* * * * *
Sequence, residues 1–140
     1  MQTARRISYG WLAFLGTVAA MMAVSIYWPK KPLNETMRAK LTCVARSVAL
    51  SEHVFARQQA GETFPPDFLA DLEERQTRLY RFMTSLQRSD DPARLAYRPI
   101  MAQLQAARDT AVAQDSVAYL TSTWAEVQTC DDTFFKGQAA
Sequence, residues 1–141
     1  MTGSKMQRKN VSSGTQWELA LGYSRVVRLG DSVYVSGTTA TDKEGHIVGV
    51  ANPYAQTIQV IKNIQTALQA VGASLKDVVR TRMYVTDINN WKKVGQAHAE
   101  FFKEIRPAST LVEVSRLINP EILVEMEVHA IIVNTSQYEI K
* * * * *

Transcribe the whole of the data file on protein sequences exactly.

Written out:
Sequence, residues 1–140
     1  MQTARRISYG WLAFLGTVAA MMAVSIYWPK KPLNETMRAK LTCVARSVAL
    51  SEHVFARQQA GETFPPDFLA DLEERQTRLY RFMTSLQRSD DPARLAYRPI
   101  MAQLQAARDT AVAQDSVAYL TSTWAEVQTC DDTFFKGQAA
Sequence, residues 1–141
     1  MTGSKMQRKN VSSGTQWELA LGYSRVVRLG DSVYVSGTTA TDKEGHIVGV
    51  ANPYAQTIQV IKNIQTALQA VGASLKDVVR TRMYVTDINN WKKVGQAHAE
   101  FFKEIRPAST LVEVSRLINP EILVEMEVHA IIVNTSQYEI K